By his own account Brigham Young was aghast when he heard of the Mormon doctrine of multiple wives. “It was the first time in my life that I desired the grave.” However, he got over his initial apprehensions. By the time of his death he had wedded 55 women. Of these brides, 21 had never been married before; 16 were widows; six were divorced; and six had living husbands, with the remaining wives having marital histories that are unknown to us. Some of the marriages were apparently non-conjugal, and some of the marriages were temporary in nature. He had 54 children, 46 of whom survived into adulthood, a fairly high percentage for nineteenth century America.
The exact number of the descendants of Brigham Young has never been calculated, but apparently there are well over 5,000. There is a Brigham Young Family Association which holds family reunions, which must be a sight to behold.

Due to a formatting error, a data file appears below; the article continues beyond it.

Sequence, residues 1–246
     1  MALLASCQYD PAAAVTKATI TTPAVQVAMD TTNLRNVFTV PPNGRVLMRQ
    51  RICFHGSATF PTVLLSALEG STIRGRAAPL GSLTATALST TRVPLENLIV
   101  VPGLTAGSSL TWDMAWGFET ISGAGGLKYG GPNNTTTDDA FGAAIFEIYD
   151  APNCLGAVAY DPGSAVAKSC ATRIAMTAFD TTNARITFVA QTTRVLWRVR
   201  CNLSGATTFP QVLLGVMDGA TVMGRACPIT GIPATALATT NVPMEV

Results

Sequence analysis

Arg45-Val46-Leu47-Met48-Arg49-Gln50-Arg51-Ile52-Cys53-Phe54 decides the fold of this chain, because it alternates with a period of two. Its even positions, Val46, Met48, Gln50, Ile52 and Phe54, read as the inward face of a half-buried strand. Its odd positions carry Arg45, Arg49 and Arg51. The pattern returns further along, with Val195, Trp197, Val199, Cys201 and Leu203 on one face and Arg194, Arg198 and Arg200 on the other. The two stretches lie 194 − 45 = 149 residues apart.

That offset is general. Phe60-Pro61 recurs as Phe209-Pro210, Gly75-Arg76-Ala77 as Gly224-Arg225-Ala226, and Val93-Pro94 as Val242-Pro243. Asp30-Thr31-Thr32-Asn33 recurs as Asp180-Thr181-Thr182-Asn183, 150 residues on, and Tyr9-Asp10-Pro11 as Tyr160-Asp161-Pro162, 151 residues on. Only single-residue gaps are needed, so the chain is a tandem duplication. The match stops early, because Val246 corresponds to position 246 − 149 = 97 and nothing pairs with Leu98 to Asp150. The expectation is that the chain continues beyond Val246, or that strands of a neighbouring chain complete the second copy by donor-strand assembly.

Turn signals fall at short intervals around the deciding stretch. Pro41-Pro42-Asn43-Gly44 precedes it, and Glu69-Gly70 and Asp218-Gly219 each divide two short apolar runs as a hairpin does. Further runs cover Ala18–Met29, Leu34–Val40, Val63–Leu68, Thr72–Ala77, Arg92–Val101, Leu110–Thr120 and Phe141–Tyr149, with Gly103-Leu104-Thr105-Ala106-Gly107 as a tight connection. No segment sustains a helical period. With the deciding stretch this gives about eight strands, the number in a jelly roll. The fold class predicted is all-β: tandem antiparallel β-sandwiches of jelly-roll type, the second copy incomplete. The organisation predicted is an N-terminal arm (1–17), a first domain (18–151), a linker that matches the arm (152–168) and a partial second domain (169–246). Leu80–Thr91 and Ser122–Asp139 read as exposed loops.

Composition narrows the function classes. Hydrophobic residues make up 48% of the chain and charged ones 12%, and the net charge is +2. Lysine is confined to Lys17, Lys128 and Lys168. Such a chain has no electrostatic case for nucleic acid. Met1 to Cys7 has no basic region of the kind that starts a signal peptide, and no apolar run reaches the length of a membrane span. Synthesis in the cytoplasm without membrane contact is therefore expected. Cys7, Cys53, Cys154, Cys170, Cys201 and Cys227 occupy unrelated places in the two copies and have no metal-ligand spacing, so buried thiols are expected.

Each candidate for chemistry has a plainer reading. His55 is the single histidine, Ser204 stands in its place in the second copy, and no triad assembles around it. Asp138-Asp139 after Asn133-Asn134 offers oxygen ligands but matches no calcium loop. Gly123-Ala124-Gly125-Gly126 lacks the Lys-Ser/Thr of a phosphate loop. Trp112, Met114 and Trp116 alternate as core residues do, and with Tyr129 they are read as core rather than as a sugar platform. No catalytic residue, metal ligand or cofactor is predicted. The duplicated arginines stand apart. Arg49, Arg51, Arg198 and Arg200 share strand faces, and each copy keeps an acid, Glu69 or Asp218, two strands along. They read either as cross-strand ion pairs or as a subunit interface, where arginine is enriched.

Young had been a skilled head of his church, carving the Mormon Zion out of the wilderness in Utah, and placing the Mormon on the path of growth and prosperity. However, the church was never going to be tolerated by non-Mormon Americans as long as the institution of plural marriage existed, which was simply anathema to almost all non-Mormons. It was left to the fourth president of the church, Wilford Woodruff, himself a pluralist, to issue the famous Manifesto of 1890. A small number of plural marriages were celebrated by the church after the Manifesto, but most Mormons readily turned their back on an institution that was manifestly more trouble to them than it was worth, especially since most Mormons had been content with one spouse. With the Manifesto the Mormons achieved their long-term goal of statehood for Utah, and the beginning of their entry into the American mainstream. The text of the Manifesto: (more…)